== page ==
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Bridges did well with one notable mistake

19 October 2018

It might be a different view from most commentators, but I think Simon Bridges has done well over the whole Jami-Lee Ross saga and has strengthened his leadership.

Firstly, just about everyone thought it was a mistake for him to even have an inquiry into the leak. I disagree. He had to find out who it was so that leaks didn’t keep happening. Imagine if this all came out a few weeks before the next election? It was good leadership to continue on with the enquiry despite what most people were saying.

Secondly, most commentators said he shouldn’t have had a press conference to announce that Ross was taking leave. Again, I disagree. He needed to get that story out of the way. If he hadn’t, the media would have kept bugging him about it. It’s best to get bad news out so the way is clearer for you to focus on more positive issues without the media bugging you about the bad news. Obviously at that point, we didn’t know what was to come.

Thirdly, he has fronted up well throughout with a clear message. That message has been “I’ve done nothing wrong” and “Jami-Lee should take any concerns to the Police.” While he still answered questions, he kept coming back to that. Lots of leaders shy away from media in these situations, but that only encourages speculation and leads to one-sided coverage.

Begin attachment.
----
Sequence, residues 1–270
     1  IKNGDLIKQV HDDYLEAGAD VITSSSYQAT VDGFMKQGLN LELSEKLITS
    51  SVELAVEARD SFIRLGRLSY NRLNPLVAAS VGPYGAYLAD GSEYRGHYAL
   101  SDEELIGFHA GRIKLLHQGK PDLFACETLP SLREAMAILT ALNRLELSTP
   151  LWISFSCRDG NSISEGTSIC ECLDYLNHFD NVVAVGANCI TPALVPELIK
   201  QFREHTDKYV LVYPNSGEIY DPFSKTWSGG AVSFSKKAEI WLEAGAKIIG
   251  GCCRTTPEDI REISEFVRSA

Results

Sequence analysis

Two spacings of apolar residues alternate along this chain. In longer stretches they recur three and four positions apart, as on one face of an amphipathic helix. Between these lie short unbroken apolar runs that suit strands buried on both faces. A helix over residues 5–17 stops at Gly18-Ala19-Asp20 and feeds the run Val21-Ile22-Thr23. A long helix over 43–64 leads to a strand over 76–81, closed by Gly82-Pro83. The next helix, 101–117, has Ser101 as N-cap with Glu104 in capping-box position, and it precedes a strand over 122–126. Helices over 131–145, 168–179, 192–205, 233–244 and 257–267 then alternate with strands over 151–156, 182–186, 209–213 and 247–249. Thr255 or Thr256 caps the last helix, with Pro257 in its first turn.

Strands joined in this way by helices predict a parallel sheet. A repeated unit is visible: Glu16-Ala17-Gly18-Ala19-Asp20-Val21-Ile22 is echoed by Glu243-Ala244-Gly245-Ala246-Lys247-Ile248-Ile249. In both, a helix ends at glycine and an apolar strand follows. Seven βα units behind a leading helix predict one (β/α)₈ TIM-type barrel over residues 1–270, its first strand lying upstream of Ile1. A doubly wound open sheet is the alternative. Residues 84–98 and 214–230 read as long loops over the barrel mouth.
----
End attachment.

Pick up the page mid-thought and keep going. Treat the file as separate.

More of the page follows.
So what’s the one mistake?

That first point shouldn’t have been “I’ve done nothing wrong.” It should have been, “I’ve done everything by the book.” It’s the same thing, but the second way of saying it comes across as a positive message, while the first one is negative.

A politician should never use the language of denial. Two that come to mind are, “I did not have sexual relations with that woman” and “I’m not a crook.” The Bridges one is obviously nowhere near as bad as the others, but denying something always comes across as a bit suspicious.

If you or your team need a media training session, contact Pete@MediaTrainingNZ.co.nz

Filed under Media Training

Written by

Pete is a leading New Zealand media trainer and regular blogger for his company, Media Training NZ . He has helped leaders from all sectors of society communicate with the media and other stakeholders. Pete is a former daily newspaper reporter and press secretary in the New Zealand government. From these roles, he understands the media process from both sides of the camera.

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